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Why most phishing simulations do more harm than good (and how we’re fixing it)

Pim de Vos Marketing Manager

Phishing simulations are a standard practice for many organizations. And rightfully so.

The number of phishing attacks has increased by over 150% every year since 2019. In 2022, APWG logged over 4.7 million phishing attacks. According to research by the FBI, phishing scams account for almost 22 percent of all data breaches that happen.

To combat this, many organizations opt for phishing simulations to test the susceptibility of their employees.

However, we believe (and research now shows), that most organizations are not helping their employees with their phishing simulations. In fact, they’re even making them more vulnerable to phishing.

In this article, we’ll explain our vision of why most phishing simulations are doing more harm than good and how you can prevent that from happening.

Issue #1: templated emails don’t prepare employees for spear phishing

Many security officers opt for a phishing simulation strategy based on regularity and efficiency. This means they want their employees to be put to the test often, but don’t want to spend a lot of time putting the simulations together. The goal is to automate the process as much as possible.

If you look for phishing simulation providers across the internet, you’ll see that a lot of them play into this sentiment. They offer templates, AI-generated phishing emails, and automatically sent emails. This helps security officers check off ‘phishing tests’ from their to-do lists without breaking a sweat. Mission accomplished.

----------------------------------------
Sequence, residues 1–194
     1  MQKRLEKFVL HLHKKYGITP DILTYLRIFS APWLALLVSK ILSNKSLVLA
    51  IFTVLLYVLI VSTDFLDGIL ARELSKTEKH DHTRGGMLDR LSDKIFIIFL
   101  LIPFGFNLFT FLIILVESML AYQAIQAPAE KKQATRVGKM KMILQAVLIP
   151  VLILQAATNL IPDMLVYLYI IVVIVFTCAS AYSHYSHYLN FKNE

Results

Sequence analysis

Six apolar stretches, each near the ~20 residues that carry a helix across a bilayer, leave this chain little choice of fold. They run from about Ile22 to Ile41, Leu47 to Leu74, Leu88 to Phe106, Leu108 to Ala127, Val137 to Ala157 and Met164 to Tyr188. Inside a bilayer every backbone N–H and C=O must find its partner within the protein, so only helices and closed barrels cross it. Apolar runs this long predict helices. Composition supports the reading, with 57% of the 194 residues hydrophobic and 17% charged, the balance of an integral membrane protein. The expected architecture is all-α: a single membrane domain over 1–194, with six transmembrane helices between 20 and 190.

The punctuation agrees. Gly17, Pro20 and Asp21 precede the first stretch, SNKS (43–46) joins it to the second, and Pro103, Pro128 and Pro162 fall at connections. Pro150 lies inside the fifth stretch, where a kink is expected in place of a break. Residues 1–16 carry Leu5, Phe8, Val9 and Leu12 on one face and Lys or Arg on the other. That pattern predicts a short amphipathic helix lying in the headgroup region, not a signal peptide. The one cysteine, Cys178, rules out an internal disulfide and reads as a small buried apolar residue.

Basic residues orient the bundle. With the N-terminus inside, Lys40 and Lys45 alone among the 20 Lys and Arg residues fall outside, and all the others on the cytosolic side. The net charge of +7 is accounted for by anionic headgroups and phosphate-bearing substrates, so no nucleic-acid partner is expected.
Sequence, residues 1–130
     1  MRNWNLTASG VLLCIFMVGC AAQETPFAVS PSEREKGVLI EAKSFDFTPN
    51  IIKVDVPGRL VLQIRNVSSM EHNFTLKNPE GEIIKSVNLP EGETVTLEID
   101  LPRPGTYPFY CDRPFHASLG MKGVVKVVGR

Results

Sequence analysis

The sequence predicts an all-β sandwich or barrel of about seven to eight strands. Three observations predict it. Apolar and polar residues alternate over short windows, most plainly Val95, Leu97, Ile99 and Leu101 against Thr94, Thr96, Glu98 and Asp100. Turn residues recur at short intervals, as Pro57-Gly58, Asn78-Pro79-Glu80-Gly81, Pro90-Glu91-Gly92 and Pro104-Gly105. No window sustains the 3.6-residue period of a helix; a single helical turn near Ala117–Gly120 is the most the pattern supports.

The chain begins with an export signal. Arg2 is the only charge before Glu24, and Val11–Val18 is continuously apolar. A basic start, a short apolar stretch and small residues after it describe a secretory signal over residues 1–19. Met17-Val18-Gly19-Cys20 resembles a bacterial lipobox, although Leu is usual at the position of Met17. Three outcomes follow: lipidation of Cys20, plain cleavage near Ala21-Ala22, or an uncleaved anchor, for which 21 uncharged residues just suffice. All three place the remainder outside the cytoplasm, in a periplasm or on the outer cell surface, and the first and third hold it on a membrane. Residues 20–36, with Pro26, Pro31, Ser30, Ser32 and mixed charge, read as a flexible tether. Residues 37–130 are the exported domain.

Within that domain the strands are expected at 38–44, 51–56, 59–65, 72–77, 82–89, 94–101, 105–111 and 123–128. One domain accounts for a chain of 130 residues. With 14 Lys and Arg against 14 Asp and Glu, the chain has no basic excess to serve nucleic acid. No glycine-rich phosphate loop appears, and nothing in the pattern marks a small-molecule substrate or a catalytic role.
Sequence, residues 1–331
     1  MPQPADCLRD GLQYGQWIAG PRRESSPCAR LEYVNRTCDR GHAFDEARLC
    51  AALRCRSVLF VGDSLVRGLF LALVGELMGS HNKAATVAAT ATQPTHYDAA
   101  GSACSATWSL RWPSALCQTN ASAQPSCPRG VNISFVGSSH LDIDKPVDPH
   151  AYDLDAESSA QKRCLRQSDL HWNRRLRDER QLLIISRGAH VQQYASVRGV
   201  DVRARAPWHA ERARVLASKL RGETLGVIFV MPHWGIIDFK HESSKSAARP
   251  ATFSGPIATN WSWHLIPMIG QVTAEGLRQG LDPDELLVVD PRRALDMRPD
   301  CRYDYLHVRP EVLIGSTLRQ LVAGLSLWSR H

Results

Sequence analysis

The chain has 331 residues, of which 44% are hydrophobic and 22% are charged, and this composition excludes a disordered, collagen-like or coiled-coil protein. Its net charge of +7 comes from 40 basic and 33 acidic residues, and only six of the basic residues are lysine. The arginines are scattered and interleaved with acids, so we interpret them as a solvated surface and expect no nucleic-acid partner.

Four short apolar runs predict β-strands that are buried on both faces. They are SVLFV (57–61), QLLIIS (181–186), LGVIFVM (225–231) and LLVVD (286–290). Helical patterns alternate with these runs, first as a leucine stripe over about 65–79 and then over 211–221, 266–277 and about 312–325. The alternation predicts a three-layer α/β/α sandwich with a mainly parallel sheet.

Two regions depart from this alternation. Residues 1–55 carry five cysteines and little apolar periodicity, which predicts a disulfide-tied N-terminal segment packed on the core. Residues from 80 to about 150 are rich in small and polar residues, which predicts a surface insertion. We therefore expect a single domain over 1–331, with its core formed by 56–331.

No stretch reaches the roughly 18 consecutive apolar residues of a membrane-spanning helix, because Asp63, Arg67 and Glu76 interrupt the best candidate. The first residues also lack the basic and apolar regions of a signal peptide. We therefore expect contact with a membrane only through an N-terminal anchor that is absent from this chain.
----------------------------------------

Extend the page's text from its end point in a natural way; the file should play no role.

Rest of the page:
However, these templates are not preparing employees for the dangers of spear phishing.

Spear phishing is a phishing method where phishers research their target carefully. The attack therefore seems to come from a trusted source in the target’s life. They use the information they have gathered and social engineering techniques to then get the target to click on a malicious link.

Imagine a cyber criminal hacks the email address of one of your suppliers. In one of the emails, they find exactly which products they are expected to deliver and what the invoice looks like. All they now have to do is copy the invoice, change the bank account details, and send it over to your finance department from an email address that your finance department trusts. This is much harder for your employees to recognize as phishing than a standard template.

Spear phishing emails are much more difficult to spot for targets. And since templated phishing simulations don’t use these techniques, they’re simply not preparing your employees for the real cyber risks that they face. At best, they give both the security officer and the employees a false sense of security. The devil is in the details when it comes to phishing, and you can’t automate that sort of attention to detail.

Issue #2: phishing simulations combined with voluntary training are ineffective

Recent research shows that the combination of a phishing simulation with voluntary training doesn’t make employees resilient against phishing, but more often makes them more susceptible to clicking phishing links. This contradicts all prior research and a common industry practice.

So what does that common practice look like?